NEW YORK–(ENEWSPF)–March 12, 2012.
Thank you very much Foreign Secretary Hague for calling us together. Secretary General, thank you very much for your leadership.
Today, we gather to discuss the wave of change that has swept the Middle East and North Africa. While each country’s experience has been unique, all of these democratic movements have sprung from a common desire for rights, freedom, economic hope, and human dignity. These universal aspirations are enshrined in the Universal Declaration of Human Rights and in the UN Charter, and they are fundamental to my country’s identity and history and to those of many countries. These principles – and the people who struggle to realize them in their own societies – deserve and demand our collective support. We are inspired by the courage of the people of the region, as they have shown their determination to move forward, and we believe that their efforts should be supported.
Now I approach these conversations with a healthy dose of humility, because we know that these revolutions are not ours. They are not by us, for us, or against us. But we also know that, as an international community, we do have the resources and capabilities to support those who seek peaceful, meaningful, democratic change. We must also have the will.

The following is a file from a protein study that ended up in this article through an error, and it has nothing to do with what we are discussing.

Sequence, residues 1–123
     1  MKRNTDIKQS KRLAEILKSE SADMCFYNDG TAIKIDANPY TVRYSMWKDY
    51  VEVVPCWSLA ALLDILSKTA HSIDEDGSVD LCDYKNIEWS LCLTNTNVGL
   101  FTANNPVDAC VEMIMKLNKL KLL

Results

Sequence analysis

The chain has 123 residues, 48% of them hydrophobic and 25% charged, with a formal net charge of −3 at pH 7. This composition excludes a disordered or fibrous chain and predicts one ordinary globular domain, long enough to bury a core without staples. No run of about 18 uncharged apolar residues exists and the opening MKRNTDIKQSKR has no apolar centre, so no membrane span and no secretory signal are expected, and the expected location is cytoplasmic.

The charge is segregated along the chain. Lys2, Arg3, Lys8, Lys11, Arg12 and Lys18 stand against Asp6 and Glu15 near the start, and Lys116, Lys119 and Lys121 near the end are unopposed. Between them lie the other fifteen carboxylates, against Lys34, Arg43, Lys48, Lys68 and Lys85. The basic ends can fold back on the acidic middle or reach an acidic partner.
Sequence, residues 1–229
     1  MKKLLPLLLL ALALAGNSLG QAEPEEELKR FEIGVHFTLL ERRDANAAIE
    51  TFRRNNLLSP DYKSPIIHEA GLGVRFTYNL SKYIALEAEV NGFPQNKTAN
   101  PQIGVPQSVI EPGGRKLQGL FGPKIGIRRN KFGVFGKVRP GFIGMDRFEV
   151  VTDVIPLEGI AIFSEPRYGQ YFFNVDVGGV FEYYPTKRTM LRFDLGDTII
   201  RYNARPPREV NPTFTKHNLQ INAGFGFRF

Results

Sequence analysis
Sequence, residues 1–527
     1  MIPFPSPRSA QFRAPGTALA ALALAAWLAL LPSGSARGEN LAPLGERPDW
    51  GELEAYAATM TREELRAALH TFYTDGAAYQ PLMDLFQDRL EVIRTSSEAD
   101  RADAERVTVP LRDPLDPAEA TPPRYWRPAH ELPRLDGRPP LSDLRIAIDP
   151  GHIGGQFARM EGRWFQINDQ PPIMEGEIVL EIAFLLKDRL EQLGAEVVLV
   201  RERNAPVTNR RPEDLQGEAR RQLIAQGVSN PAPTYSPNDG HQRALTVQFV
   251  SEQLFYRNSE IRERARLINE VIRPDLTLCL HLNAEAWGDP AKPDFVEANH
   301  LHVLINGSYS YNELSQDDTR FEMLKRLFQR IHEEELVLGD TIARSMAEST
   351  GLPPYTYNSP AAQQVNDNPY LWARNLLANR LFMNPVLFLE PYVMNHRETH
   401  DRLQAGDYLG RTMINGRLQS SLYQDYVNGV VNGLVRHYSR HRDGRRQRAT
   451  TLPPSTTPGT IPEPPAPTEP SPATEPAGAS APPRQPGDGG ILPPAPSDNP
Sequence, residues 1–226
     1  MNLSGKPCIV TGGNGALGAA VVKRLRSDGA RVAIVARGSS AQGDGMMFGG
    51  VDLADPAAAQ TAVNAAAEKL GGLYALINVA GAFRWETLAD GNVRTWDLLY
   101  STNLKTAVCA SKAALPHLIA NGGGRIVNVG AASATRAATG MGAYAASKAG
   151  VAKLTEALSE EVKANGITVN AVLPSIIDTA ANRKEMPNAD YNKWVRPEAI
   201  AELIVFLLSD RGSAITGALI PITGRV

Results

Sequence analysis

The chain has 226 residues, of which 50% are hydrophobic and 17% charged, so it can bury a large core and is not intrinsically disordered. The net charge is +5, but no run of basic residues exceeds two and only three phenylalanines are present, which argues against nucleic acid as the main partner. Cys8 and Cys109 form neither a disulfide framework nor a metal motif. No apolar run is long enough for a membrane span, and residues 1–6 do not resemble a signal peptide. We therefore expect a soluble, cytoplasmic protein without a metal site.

Now of course, change is unfolding in different ways in different places, and in each unique case, our tools have to be matched with the circumstances. Here at the UN Security Council, three cases in particular demand our attention today.
Let me start with Libya and the encouraging vote this morning to renew and update the UN Support Mission in Libya, UNSMIL. Last year, this council – backed by the Arab League and countries around the world – acted to support the Libyan people at the hour of their greatest need. Today’s vote reflects our continued commitment to Libya and its transitional government, which has made tremendous strides. And it also reflects the recognition that our work is not yet done.
We will continue to aid UNSMIL’s efforts to support the Libyan Government as it reintegrates those who took up arms in the name of change into a professional national army and a peaceful society. We will continue helping Libya secure its borders against proliferation, trafficking, and extremism, while treating refugees and migrants humanely. And after so much courage and sacrifice from the Libyan people, we are proud to help Libya build a new foundation for the rule of law and respect for human rights.